This morning, as mentioned in my last post, the podiatrist cut a granuloma out of my big toe, where the nail used to be, and cauterized it.  Even with three injections of local anesthetic, it still hurt like a sum*****, particularly when he cauterized the nail bed to control bleeding. I’m under orders to stay off my feet for a while, and not do anything interesting, exciting or energetic involving my tootsies.  I’ll catch up with blogging again tomorrow morning. Peter

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“Correlation does not imply causation”, but when it comes to bedbugs

One of the most frequently heard observations about statistics is that “Correlation does not imply causation” – in other words, that just because two observations are observed simultaneously, it doesn’t necessarily mean that one is caused by the other.  Nevertheless, sufficiently high degrees of correlation do make one wonder. In that light, Orkin’s latest “Top 50 Bed Bug Cities List” made me wonder. For the second year in a row, Baltimore tops Orkin’s Top 50 Bed Bug Cities list, released today. New York fell four spots, while Dallas-Fort Worth joined the top 10. San Diego and Albany rejoin the list,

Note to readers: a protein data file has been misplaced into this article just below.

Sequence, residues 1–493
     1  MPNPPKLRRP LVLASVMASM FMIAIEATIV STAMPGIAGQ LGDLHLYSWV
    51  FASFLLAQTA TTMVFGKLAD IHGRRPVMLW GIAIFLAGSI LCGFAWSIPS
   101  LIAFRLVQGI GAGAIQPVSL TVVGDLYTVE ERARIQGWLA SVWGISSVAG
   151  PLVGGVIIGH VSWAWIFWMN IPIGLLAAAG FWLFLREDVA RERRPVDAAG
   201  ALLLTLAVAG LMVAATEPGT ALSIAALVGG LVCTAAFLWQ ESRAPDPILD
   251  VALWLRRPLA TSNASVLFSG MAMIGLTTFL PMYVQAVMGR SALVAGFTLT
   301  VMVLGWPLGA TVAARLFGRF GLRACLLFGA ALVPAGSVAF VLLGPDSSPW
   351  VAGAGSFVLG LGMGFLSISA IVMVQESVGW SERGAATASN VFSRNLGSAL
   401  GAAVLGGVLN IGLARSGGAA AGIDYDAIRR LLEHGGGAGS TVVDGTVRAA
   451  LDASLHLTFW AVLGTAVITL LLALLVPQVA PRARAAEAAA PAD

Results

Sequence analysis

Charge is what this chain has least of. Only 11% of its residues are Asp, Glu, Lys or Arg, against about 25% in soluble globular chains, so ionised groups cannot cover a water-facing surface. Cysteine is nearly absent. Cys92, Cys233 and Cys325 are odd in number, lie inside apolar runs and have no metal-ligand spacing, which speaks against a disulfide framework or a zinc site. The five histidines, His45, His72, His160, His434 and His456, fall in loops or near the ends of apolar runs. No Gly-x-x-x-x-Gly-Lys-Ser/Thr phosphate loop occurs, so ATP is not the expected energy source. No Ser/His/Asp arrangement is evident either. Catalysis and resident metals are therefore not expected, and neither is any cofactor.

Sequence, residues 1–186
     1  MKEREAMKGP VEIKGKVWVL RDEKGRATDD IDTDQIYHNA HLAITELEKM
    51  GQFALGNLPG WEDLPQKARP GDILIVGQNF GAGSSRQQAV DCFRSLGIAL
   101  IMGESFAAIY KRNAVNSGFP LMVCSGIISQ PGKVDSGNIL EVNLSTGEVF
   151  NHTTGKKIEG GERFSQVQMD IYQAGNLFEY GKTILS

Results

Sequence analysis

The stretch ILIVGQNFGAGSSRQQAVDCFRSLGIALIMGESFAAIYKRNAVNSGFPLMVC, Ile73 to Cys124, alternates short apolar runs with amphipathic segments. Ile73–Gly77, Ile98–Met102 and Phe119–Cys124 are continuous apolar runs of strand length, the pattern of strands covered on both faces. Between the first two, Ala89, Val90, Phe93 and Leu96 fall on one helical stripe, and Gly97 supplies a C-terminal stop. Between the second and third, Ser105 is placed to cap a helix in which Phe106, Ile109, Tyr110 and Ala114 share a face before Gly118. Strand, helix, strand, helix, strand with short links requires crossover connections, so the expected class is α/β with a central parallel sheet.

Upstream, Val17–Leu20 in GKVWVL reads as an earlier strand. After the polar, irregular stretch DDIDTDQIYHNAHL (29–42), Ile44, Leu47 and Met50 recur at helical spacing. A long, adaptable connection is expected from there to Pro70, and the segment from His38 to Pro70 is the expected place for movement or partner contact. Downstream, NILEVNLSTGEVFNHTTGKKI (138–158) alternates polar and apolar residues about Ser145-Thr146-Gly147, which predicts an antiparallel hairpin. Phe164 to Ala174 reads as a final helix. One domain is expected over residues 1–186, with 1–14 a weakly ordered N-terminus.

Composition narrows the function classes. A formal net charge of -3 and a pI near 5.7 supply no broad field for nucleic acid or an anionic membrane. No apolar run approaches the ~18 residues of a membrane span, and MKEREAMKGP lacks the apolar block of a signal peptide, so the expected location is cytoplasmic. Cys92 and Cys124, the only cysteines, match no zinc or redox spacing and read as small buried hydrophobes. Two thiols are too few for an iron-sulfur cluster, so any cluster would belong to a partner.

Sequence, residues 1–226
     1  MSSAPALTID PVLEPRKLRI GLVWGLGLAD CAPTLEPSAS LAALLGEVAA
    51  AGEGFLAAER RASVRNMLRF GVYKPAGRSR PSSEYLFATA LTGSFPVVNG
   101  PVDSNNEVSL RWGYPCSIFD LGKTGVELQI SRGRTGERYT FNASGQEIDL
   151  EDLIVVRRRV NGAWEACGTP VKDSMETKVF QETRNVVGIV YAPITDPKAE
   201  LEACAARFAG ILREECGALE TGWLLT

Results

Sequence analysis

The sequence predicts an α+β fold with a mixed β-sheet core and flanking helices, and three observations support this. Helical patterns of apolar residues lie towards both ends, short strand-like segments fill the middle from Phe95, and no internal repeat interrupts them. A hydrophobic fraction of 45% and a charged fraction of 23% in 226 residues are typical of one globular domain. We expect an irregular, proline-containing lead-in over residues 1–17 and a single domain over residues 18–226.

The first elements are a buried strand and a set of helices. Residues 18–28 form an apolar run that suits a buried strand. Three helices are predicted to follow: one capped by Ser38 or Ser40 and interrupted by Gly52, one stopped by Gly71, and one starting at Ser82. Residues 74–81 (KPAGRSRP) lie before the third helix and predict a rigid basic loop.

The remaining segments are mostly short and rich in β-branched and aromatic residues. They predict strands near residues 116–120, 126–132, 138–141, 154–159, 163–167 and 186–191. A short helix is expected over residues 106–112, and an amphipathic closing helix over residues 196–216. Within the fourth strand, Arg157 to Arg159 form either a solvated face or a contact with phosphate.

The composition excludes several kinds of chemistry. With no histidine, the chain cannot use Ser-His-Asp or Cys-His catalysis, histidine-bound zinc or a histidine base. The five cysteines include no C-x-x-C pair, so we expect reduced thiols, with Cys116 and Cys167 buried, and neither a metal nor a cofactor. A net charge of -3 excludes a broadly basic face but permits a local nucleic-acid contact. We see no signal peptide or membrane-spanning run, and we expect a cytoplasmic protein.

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Firearms, lethality, and politically correct surveys

I’m annoyed by the silliness of a recent JAMA article titled “The Association of Firearm Caliber With Likelihood of Death From Gunshot Injury in Criminal Assaults“.  Its statement of “meaning” reads: The findings are foundational to the debate over whether deadly weapons should be better regulated and provide evidence againstthe common view that whether the victim lives or dies is determined largely by the assailant’s intent and not the type of weapon. Words in italics are my emphasis. Frankly, I’d never heard of the “common view” that the article reports.  As far as I’m concerned, the “assailant’s intent” is demonstrated

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Updating your kitchen?